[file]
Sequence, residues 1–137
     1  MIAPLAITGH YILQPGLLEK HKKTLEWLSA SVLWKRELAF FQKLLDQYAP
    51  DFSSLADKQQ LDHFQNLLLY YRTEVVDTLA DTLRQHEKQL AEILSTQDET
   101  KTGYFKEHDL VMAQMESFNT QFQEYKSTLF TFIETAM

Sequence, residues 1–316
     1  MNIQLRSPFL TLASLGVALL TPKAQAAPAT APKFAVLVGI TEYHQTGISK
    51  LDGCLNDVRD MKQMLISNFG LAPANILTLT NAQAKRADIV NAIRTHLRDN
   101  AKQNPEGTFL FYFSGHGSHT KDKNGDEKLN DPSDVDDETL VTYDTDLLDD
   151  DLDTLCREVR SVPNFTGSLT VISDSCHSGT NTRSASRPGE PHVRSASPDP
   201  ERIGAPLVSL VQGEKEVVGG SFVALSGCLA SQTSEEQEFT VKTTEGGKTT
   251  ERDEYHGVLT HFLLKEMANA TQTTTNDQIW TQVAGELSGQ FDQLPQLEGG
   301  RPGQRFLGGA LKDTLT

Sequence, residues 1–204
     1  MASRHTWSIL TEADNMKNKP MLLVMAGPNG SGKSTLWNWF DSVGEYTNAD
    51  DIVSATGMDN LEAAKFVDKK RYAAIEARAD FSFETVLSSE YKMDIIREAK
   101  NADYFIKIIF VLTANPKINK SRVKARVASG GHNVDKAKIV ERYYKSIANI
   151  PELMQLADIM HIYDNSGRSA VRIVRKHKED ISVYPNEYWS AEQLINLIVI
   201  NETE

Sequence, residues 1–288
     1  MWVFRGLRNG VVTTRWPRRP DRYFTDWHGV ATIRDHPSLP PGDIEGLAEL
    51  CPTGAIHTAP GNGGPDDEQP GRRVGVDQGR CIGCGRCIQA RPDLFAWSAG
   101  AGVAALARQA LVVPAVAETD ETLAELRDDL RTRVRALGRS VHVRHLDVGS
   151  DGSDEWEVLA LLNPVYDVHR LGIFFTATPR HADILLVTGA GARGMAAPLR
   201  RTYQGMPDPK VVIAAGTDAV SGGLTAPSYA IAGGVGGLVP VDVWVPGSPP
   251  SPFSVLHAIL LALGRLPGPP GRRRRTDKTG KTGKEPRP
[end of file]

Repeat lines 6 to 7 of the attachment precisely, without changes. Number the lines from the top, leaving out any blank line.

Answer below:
     1  MNIQLRSPFL TLASLGVALL TPKAQAAPAT APKFAVLVGI TEYHQTGISK
    51  LDGCLNDVRD MKQMLISNFG LAPANILTLT NAQAKRADIV NAIRTHLRDN